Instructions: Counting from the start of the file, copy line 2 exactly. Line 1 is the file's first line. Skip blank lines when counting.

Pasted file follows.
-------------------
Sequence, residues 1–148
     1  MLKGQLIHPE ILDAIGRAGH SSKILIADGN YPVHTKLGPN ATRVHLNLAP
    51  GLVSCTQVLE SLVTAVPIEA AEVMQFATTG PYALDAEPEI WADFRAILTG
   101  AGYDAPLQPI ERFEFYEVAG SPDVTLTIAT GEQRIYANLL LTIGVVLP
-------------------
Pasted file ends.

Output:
     1  MLKGQLIHPE ILDAIGRAGH SSKILIADGN YPVHTKLGPN ATRVHLNLAP